Summary: To be credible as Christians, men need to acknowledge their dependence on God in everything, to make God their first priority, to make their spiritual security more important than their financial security, humbly admit their mistakes and express their sex

You may wonder whether a sermon in a Sunday service is the place to be talking about being a credible Christian man, given that at least half the congregation are women, but let me suggest that at least some of what we’ll talk about today is equally relevant to women, and even those bits that aren’t are important for all of us to understand so we can support the men among us in being more credible as Christian men. Besides which, women will get their chance later in the series.

The great difficulty in thinking about what it means to be a credible Christian man is that we first need to think about what it means to be a man in today’s world. This whole question of where men find their sense of identity has become one of the major issues, for men at least, over the past 20 or 30 years. Men are no longer sure of who they are. For example, we’ve been told so often to get in touch with our feminine side that we’re not sure what our masculine side is any more. Our place in the workforce, our position in society, even in the church, has all been changed as more and more women enter areas that were previously the realm of men alone. Now that hasn’t been a bad thing. There were inequalities and injustices that badly needed to be addressed. But men have struggled to deal with these changes, probably more than women have.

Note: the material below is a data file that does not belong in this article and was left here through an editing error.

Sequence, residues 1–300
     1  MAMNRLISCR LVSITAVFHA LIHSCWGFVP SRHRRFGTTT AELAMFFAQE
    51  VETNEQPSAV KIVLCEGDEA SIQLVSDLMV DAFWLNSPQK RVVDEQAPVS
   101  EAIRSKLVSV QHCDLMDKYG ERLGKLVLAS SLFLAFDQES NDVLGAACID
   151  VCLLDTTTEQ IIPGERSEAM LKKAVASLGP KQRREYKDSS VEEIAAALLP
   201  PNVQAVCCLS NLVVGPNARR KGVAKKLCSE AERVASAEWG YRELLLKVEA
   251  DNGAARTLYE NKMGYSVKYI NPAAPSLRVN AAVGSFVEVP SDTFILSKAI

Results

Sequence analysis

So let’s begin by thinking about where men tend to find their sense of identity. Let me suggest that most men find a sense of identity in one or more of the following areas: sporting achievement, particularly in team sports; in career achievement, how far they’ve gone in their chosen profession, how high they’ve climbed the corporate ladder, how big their business is, etc; academic achievement: how many degrees they have, how many papers have been published; they might get a sense of identity from being a parent, though again, fathers, it seems are often not sure what that means for them. But they do get something from the things their children do, the sporting, career, or academic success they have. Occasionally a man might find his sense of identity from his family background, the things his parents have done. Finally, our financial security, our financial achievements, might be an important factor for some of us.